Clorox Co.was hit with a proposed class suit alleging it failed to disclose that some of its Pine-Sol branded cleaning products could contain bacteria, days after the company issued a recall.
The popular cleaners could contain Pseudomonas aeruginosa bacteria, which can lead to life-threatening infection, New Yorker Charles Scandore alleges in a suit filed Thursday in the US District Court for the Eastern District of New York.
The risk of serious infection is of particular concern to immunocompromised individuals, he says.
Scandore, who bought Pine-Sol Lemon Fresh cleaner, says he lost the benefit of his bargain because he received a worthless product.
Clorox on Tuesday recalled 37 million units of certain Pine-Sol cleaners produced between January 2021and September 2022 for possibly containing bacteria, the Consumer Product Safety Commission said.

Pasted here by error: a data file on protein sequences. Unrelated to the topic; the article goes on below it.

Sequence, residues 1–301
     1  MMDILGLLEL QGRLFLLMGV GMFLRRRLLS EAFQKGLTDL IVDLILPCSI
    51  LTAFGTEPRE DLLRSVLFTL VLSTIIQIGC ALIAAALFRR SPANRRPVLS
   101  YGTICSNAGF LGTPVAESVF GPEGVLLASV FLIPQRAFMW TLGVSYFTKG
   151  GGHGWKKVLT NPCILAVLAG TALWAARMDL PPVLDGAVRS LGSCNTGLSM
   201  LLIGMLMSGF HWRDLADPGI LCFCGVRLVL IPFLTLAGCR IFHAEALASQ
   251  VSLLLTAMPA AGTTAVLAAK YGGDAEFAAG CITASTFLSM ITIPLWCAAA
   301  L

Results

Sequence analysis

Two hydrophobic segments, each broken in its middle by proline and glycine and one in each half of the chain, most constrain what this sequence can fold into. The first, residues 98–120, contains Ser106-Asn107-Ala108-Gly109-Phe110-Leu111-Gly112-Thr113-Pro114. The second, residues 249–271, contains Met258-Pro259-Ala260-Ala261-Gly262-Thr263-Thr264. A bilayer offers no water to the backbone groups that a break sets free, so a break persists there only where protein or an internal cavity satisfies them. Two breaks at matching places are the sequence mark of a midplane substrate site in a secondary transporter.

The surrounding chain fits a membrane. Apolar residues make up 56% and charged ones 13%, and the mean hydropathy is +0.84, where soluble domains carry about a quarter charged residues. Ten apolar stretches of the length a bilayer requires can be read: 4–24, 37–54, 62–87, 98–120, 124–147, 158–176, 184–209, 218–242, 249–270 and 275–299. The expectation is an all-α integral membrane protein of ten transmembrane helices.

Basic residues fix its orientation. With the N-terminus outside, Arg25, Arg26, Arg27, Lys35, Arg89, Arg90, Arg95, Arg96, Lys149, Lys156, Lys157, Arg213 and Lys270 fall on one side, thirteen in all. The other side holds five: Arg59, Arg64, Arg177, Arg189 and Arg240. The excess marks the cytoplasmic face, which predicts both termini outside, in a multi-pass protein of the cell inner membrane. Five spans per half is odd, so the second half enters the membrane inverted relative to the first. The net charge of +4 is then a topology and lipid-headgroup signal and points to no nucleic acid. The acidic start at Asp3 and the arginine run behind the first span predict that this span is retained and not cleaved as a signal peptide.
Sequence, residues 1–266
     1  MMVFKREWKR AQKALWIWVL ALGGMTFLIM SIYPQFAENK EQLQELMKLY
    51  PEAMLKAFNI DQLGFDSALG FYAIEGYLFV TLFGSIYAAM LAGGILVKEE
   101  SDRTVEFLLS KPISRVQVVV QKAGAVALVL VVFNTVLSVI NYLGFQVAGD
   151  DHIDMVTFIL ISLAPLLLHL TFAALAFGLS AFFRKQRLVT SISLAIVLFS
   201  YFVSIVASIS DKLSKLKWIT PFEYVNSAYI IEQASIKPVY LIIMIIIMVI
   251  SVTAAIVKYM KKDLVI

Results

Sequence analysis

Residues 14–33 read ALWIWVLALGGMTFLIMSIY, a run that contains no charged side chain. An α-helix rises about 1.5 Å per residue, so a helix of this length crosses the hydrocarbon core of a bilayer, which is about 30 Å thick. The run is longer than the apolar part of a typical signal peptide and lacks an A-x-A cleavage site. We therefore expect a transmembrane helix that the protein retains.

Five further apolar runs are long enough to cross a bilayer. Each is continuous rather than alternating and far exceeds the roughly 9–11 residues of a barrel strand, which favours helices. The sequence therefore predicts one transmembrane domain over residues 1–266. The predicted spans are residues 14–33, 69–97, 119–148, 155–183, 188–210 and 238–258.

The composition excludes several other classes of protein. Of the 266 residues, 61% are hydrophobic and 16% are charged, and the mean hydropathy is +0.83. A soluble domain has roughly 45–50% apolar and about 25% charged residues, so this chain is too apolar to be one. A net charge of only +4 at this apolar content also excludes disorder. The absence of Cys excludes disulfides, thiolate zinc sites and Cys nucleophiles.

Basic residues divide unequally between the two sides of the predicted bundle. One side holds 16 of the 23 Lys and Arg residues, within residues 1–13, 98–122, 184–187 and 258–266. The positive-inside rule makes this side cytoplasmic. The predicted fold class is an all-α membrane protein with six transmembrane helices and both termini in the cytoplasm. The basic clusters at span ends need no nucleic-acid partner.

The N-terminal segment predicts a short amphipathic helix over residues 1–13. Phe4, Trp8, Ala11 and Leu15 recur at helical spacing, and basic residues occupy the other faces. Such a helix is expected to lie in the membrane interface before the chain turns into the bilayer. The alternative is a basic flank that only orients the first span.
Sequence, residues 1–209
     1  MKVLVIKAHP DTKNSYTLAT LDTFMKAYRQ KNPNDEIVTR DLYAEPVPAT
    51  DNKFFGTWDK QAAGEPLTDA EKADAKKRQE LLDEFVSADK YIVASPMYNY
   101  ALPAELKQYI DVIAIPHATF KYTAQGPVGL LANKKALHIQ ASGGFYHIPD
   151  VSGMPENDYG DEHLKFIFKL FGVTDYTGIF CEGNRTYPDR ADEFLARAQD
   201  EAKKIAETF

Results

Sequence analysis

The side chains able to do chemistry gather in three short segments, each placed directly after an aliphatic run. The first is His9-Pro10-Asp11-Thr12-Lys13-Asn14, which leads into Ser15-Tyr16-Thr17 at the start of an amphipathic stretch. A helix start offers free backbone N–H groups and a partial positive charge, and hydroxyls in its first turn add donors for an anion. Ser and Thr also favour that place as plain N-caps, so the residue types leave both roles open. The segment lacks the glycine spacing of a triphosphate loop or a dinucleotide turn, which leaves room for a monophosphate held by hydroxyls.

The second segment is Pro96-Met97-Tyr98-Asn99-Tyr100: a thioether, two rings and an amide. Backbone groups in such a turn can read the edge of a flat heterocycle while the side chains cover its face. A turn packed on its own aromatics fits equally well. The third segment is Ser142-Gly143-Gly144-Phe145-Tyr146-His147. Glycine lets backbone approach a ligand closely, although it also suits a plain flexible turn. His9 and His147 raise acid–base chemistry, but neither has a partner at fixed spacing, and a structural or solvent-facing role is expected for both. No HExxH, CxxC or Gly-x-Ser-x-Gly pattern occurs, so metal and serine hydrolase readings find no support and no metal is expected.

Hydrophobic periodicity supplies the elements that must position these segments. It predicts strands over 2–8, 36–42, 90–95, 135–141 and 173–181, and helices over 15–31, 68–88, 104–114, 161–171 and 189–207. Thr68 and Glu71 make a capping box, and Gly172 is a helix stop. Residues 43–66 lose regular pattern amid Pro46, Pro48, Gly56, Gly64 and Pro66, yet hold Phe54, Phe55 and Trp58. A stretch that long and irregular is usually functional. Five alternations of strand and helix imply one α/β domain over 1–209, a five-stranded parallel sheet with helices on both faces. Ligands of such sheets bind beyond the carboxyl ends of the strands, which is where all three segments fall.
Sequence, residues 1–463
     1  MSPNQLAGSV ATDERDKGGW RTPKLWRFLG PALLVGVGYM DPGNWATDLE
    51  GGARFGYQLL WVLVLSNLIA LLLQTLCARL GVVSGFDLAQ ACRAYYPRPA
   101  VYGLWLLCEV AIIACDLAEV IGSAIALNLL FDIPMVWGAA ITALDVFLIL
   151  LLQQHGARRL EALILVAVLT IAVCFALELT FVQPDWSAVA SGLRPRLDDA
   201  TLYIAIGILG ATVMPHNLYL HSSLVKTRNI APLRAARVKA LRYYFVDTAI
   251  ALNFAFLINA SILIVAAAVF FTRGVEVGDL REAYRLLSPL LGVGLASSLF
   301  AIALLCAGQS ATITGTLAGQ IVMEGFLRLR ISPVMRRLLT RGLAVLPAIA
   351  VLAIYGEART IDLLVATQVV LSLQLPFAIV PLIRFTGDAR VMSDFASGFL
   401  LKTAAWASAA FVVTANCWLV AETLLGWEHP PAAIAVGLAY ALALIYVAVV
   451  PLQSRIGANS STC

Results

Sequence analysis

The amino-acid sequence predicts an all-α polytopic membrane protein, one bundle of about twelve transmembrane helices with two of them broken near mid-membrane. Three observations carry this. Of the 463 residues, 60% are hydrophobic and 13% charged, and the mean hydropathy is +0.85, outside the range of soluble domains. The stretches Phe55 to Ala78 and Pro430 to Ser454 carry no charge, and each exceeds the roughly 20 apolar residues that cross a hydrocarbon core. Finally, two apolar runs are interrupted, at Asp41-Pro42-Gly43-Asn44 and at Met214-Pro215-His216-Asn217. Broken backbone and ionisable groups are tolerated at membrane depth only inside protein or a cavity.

People with healthy immune systems are usually not affected by the bacteria, and no injuries have been reported, the CPSC said. The company is offering refunds, the commission’s announcement said.
Causes of Action: New York General Business Law Sections 349 and 350 (consumer protection and false advertising); express warranty;
Relief: Medical monitoring; monetary, statutory, treble, and punitive damages; attorneys’ fees and costs.
Potential class size: Unknown number of persons in nationwide class; New York subclass.
Response: “While we don’t comment on the specifics of pending litigation, we take this issue seriously and are fully committed to ensuring that all of our products meet the highest quality standards,” a Cloroxspokesperson said. “In cooperation with the Consumer Product Safety Commission, we’ve initiated a voluntary recall of certain scented Pine-Sol products and are working to provide a refund to consumers impacted by the recall,” the company said.
Attorneys: Sultzer Law Group PC represents Scandore and the proposed class.
The case is Scandore v. Clorox Co., E.D.N.Y., No. 2:22-cv-06545, complaint 10/27/22.